Ulysses S. Grant is commonly remembered as a general of fierce determination and strategic vision—the military leader who turned the tide of the Civil War and led the Union armies to victory, and who showed magnanimity and vision at Appomattox. His presidency is another matter. Here, the most common word used to characterize it is "scandal." Grant is routinely portrayed as a man out of his depth in the world of politics, whose eight years in office were without useful achievement and whose trusting nature and hands-off management style opened the federal coffers to plunder.
But this assessment, Josiah Bunting III argues, is both caricature and cliché. Grant came to Washington in March 1869 to lead a country still bitterly divided by the legacy of the Civil War. Andrew Johnson, his predecessor, had been impeached and almost driven from office, and radical Republicans in Congress had imposed harsh conditions on the states of the former Confederacy. Grant committed himself to reunite and reforge the Union, and to resurrect and strengthen Abraham Lincoln's greatest legacy: full citizenship for the former slaves and their posterity. In these missions he succeeded.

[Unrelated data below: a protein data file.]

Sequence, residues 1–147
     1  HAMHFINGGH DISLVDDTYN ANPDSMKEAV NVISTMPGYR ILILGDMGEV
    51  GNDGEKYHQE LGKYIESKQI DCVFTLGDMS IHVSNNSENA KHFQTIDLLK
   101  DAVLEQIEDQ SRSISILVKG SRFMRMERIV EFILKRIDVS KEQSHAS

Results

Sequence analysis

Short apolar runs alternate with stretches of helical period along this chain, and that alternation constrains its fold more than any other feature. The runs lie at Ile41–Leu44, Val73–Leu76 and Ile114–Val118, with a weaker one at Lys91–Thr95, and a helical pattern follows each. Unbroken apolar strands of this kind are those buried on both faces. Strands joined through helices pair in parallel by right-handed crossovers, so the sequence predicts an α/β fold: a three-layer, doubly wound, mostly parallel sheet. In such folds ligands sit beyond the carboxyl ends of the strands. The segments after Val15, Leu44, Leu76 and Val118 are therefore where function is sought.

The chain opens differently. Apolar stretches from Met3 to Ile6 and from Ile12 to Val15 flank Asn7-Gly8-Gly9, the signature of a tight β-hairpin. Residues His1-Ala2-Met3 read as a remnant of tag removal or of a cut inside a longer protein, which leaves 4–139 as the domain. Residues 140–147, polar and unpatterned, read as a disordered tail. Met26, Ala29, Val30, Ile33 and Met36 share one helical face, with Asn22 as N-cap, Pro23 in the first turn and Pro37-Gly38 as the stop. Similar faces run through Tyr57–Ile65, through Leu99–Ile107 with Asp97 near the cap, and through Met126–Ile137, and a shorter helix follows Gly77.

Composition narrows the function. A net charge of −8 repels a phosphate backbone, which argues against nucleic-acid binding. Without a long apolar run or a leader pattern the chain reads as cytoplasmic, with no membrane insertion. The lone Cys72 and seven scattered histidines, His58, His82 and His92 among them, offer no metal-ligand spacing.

Bunting shows that Grant's presidency has been undervalued for generations; only now are his achievements being recognized for what they are.
Read an Excerpt
Ulysses S. Grant
Read the full excerpt
1A Son of the WestFor most of his life Ulysses S. Grant thought of himself as a westerner. He was a child of the great Valley of Democracy, born on April 27, 1822, a hundred yards from the north bank of the Ohio. The country thereabouts was less than a generation removed from raw frontier, Ohio having achieved statehood only nineteen years earlier, and the village of Point Pleasant, some twenty-five miles southeast of Cincinnati, was but a tiny huddle of cabins and rude frame houses. Ohio was the easternmost of the states being carved from the old Northwest Territory, but to